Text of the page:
"The self-explorer, whether he wants to or not, becomes the explorer of everything else."

Elias Canetti

Wednesday, October 08, 2008

Re-invention

"Love Blossoms," mixed media collage, 4" x 11"

I've been altering old photographs lately (hence this piece above and the last two pieces I've posted on Quiet Girl). There's something fascinating about re-inventing the past and bringing the past into the present through artistic manipulation.

The two people in the piece above are my parents who met in junior high, dated in high school, and married in 1965 when they were in their very early twenties. My brothers were born in 1968 and 1970, and then I was born in 1975 when my mom was 30 years old. This November, my parents would have been married for 43 years. My dad's birthday is also in November, and he would have been 63. My goodness, so many numbers to contemplate!


I've been feeling my mother's loss quite deeply this week. When I think about the loss of her husband--the one and only companion of her life--I feel my stomach clench with sadness. And yet, I find joy in imagining them through the years, adding color and light to the black and white, knowing that I can always bring their relationship to life with paint and wax and cut-out dragonflies and birds.

Saturday, October 04, 2008

Just Do It

"Prince of Action" mixed media, 4" x 11"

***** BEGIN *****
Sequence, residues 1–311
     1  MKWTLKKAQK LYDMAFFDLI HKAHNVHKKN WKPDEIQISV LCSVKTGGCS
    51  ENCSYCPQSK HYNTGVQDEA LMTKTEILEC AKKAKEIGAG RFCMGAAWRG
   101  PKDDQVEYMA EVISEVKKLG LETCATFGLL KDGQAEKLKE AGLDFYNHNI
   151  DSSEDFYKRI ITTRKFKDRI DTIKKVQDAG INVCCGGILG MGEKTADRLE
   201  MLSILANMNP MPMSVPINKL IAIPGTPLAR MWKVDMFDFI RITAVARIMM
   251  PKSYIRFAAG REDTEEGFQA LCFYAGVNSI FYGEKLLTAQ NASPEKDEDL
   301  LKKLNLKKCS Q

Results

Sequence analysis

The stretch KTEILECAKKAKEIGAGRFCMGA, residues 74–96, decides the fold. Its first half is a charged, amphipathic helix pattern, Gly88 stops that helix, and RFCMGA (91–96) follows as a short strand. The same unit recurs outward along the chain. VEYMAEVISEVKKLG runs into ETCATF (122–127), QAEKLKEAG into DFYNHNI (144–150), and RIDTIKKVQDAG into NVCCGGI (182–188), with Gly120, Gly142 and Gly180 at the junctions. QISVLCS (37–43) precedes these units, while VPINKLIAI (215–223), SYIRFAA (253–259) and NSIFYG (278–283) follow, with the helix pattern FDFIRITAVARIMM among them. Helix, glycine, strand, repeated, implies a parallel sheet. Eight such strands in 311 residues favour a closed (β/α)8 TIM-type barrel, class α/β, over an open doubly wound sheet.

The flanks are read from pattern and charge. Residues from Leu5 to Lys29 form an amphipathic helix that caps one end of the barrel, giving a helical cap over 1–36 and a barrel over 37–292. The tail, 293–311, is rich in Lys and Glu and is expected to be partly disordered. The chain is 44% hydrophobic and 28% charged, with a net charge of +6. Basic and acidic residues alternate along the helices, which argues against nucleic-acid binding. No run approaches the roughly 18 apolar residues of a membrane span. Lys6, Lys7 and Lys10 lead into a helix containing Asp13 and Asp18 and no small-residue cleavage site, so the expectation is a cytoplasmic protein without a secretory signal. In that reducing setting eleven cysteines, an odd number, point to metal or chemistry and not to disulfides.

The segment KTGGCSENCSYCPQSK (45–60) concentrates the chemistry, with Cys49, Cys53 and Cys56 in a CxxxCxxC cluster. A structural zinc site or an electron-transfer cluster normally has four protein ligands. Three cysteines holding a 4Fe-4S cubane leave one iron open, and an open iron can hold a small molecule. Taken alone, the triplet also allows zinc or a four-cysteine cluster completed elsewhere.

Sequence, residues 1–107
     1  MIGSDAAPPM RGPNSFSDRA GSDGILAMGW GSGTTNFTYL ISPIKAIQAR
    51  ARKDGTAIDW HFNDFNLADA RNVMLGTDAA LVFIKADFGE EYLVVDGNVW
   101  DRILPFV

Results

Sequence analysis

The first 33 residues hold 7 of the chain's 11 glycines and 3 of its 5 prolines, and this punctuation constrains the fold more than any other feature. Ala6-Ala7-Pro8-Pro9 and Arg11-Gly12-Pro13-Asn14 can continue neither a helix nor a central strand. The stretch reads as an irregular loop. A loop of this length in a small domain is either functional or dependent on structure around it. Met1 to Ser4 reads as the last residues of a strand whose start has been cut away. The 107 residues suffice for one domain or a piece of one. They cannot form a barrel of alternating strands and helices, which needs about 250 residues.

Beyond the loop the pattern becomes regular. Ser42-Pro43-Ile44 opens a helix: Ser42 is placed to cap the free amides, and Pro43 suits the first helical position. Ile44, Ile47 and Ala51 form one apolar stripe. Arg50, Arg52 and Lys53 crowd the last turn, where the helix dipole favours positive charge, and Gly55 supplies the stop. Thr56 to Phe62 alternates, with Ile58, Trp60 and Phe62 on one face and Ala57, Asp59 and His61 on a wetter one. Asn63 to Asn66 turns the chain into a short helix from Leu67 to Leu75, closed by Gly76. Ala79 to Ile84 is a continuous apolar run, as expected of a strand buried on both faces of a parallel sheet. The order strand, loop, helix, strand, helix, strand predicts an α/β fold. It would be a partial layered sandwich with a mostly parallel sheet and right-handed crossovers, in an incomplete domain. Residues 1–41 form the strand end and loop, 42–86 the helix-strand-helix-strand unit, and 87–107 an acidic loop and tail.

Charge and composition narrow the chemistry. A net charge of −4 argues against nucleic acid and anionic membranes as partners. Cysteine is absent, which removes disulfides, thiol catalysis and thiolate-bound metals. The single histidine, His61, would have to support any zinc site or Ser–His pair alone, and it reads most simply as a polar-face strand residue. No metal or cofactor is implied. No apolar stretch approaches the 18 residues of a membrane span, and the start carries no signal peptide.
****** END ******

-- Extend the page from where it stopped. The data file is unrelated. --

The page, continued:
My dad had a very clear, straight-forward decision making process. When something needed to be done, he just did it. If he knew he had to stop something, he'd just stop. My dad developed type two diabetes when I was young. He had to cut out sugar and modify his diet in other ways. He knew what he needed to do and he just did it. There was no struggle, no expression of loss, no complaining. If asked how he felt about having to adjust to such a change, most often he'd say something like, "I'm not happy about it, but it's what needed to be done." Sometimes I wish I had just a pinch more of this no nonsense approach. While I appreciate and honor my deep, soul-searching, emotional musings about things, sometimes I wish I could cut through all of that for a moment and just get something done. No worry, no second-guessing, no agony over what is best. As my dad told me once when a tree had fallen, smashing up the deck in my parent's backyard, "It doesn't matter how I feel about this, I just have to fix the deck." And he did.

My dad was not unemotional--he felt things very deeply--but he rarely (perhaps never?) became immobilized due to fear or a sense of burden or worry. When he was diagnosed with kidney cancer in January, he told his doctor, "I'll do what needs to be done." I find it amazing how my dad was always able to move forward, even through massive obstacles and setbacks. During hard times, he'd gather himself up, take a deep breath, and ask, "Okay, so what's next?"

So today, as I sit here hearing the Seattle wind whipping and swirling outside, I ask myself "What's next?" What's next for my business, my art, my writing? How do make a real living at what I do? Normally, I would have a little meltdown and simmer in my worry for a while. What would my dad say to me if he were still alive? I think he'd say, "Ode [one of his many nicknames for me], figure out what you need to do and do it." It sounds so simple and so excruciatingly hard all at the same time. I can hear myself asking him," But how do I know what to do?" and I hear his reply: "You know by doing it." I guess I need to start taking some steps, huh. I suppose I can't just think my way into doing, I have to do it. One, two, three, here I go....